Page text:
Emergency Vet In San Bernardino, CA

Looking for an emergency vet in San Bernardino, CA? Search for your nearest animal hospital below.

      List of Emergency Vets in San Bernardino, CA

      ADVANCED PET CARE

      ADDRESS: 448 S Arrowhead Avenue, San Bernardino CA 92408
      TEL:(909) 888-9188
      Advanced Pet Care is a full service animal hospital and welcomes both emergency treatment cases as well as pet patients in need of routine medical, surgical, and dental care. Dr. George Bishay has years of experience treating serious conditions and offering regular pet wellness care.

      THE HUMANE SOCIETY OF SAN BERNARDINO

      ADDRESS: 374 West Orange Show Road, San Bernardino CA 92408
      TEL:(909) 386-1400
      The clinic offers a full range of vaccines for dogs and cats at affordable prices. Additional services include nail trimming, ear cleaning, heart worm testing, fecal exams, feline Leukemia/FIV testing, treatment of internal and external parasites, microchip identification implants, and euthanasia services.

      ARROWVIEW ANIMAL HOSPITAL

      ADDRESS: 766 E Highland Avenue, San Bernardino CA 92404
      TEL:(909) 883-0310
      Arrowview Animal Hospital Inc is a well-respected veterinary clinic serving pets and their owners in San Bernardino, California, and the nearby areas. We have been providing exceptional veterinary care to local dogs and cats for more than 50 years.

      BANFIELD PET HOSPITAL (SAN BERNARDINO)

      ADDRESS: 595 East Hospitality Lane, San Bernardino CA 92408
      TEL:(909) 890-9949
      With a veterinary professional like Banfield taking care of your pets, you can feel safe knowing they’re receiving high-quality pet care. The Banfield Pet Hospital in San Bernardino in Southern California offers a variety of services to help your pets maintain the long, healthy lifestyle they deserve and you desire for them.

      ANIMAL CARE WELLNESS CENTER

      ADDRESS: 3928 North Sierra Way, San Bernardino CA 92405
      TEL:(909) 883-6464
      Animal Care Wellness Center, the only AAHA accredited veterinary hospital in San Bernardino, CA, is a new and completely remodeled pet hospital and surgery center.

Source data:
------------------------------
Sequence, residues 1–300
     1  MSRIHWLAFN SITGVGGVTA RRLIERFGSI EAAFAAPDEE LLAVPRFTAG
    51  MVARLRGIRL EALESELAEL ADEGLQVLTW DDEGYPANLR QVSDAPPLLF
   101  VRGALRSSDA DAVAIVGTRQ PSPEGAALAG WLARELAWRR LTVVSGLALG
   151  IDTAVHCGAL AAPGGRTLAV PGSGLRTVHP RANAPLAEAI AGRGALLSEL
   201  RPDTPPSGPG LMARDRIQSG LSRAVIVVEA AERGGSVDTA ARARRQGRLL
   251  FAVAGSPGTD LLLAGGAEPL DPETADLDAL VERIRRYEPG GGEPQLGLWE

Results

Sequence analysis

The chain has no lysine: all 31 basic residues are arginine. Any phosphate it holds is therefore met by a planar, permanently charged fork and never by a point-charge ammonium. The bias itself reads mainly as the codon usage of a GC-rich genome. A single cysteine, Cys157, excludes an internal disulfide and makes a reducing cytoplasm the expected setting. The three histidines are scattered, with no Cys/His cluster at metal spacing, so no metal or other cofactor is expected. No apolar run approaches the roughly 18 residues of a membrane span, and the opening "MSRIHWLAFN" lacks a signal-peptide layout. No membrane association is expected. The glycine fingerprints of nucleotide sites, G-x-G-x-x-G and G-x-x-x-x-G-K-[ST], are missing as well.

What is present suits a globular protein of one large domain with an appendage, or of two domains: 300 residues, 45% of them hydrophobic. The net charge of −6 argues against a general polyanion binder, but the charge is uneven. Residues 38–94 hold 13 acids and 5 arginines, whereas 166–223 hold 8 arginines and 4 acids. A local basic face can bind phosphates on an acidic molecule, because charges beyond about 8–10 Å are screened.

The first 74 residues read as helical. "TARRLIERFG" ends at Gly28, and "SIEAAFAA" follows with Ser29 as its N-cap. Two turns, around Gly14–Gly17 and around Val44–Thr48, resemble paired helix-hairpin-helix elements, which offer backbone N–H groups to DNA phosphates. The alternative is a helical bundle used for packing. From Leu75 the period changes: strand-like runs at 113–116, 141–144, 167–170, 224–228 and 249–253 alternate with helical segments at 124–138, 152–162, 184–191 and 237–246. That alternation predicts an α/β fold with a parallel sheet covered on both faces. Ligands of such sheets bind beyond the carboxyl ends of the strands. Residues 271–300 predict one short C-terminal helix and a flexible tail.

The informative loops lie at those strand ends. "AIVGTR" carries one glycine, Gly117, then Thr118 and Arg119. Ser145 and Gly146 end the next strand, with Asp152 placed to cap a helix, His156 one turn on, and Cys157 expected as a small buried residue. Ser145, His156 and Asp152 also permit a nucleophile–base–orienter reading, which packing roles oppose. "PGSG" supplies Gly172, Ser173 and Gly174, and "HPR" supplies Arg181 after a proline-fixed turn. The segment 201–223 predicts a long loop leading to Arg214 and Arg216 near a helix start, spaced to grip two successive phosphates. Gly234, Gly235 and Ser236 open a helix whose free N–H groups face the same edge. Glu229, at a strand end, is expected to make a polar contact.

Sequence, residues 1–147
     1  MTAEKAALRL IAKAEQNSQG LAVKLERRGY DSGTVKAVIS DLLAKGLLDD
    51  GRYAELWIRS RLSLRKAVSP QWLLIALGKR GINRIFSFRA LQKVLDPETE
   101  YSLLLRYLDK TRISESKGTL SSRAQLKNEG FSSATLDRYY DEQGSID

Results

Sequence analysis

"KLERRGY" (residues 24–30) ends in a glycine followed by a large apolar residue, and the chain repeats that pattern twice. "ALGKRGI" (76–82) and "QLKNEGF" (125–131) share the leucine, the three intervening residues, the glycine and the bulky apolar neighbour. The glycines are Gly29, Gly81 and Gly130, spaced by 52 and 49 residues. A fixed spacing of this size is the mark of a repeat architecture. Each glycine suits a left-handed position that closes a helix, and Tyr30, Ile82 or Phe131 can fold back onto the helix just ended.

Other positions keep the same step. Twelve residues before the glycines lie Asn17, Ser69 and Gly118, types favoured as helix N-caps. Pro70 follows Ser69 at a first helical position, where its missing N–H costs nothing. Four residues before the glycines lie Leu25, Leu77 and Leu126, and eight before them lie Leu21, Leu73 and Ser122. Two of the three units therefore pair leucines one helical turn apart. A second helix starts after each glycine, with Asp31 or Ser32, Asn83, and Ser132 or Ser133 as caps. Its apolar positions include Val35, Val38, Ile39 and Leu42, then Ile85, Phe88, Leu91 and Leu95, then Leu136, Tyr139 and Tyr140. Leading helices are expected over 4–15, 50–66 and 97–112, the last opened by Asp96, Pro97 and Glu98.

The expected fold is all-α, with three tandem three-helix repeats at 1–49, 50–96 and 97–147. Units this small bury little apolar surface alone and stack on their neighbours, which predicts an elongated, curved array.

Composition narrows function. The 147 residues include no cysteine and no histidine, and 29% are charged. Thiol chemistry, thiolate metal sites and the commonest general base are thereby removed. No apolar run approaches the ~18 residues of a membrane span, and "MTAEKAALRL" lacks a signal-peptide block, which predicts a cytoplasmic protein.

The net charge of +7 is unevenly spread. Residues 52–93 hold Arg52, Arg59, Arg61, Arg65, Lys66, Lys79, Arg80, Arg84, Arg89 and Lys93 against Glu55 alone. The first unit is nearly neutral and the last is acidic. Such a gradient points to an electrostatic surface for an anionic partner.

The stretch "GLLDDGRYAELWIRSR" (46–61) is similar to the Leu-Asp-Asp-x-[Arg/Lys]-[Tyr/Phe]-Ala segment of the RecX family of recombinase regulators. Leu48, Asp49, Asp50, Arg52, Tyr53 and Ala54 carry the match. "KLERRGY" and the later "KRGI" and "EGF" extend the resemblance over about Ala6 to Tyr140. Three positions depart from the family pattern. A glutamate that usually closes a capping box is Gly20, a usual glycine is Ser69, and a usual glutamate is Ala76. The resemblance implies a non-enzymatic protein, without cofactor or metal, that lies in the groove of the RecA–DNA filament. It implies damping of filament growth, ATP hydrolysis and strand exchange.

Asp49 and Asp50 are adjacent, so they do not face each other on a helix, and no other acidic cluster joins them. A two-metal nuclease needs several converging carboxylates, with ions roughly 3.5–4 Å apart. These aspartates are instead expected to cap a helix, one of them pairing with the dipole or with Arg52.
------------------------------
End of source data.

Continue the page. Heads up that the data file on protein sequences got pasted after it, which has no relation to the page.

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      SIMI VALLEY // STOCKTON // SUNNYVALE // TEMECULA // THOUSAND OAKS //
      TORRANCE // TUSTIN // VALLEJO // VENTURA // VICTORVILLE // VISALIA // WEST COVINA

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      Signs Your Pet Needs Emergency Care

      Has your pet experienced some kind of trauma and in need in emergency care? Here are some of the signs to look when determining whether your pet needs an emergency vet:

      • Pale gums
      • Rapid breathing
      • Weak or rapid pulse
      • Change in body temperature
      • Difficulty standing
      • Apparent paralysis
      • Loss of consciousness
      • Seizures
      • Excessive bleeding

      How To Handle Your Injured Pet

      It is possible that your pet can act aggressively when they’ve been injured. It’s important to be careful how you handle them for their safety and your own.

      For Dogs:

      • Be calm and go slow when approaching.
      • If your dog appears aggressive, get someone to help you.
      • Fashion a makeshift stretcher and carefully lift your dog onto it.
      • Support their neck and back as you move them in case of spinal injuries.

      For Cats:

      • Cover your cats head gently with a towel, to prevent them from biting you.
      • Very carefully, lift your cat into its carrier or a box.
      • Support their neck and back as you move them in case of spinal injuries.

      First Aid Treatment At Home

      Depending on the situation, there are some actions you can take at home to stabalize your pet before transporting them to an emergency vet.

      Bleeding:

      • If your pet is bleeding externally due to a trauma, apply pressure to the wound quickly and hold it there.
      • If possible, elevate the injury.

      Choking:

      • If your pet is choking on a foreign object, put your fingers in their mouth and try to remove the blockage.
      • If you’re unable to remove the blockage, perform a modified version of the Heimlich manouver by giving a sharp blow to their chest.

      CPR:

      • If your pet is unconcious and unresponsive, you may need to perform CPR.
      • First, check if your pet is breathing and if they have a heartbeat. If you cannot find either, start chest compressions.
      • Perform 30 chest compressions followed by two rescue breaths. Repeat this until your pet starts breathing on their own again.
      • To give a rescue breath, close your pets mouth and extend their neck to open the airway. Place your mouth over your pets nose and exhale until you see your pets chest rise.
      • Check for a heartbeat every 2 minutes.
      • Continue giving your pet CPR until you reach an emergency vet.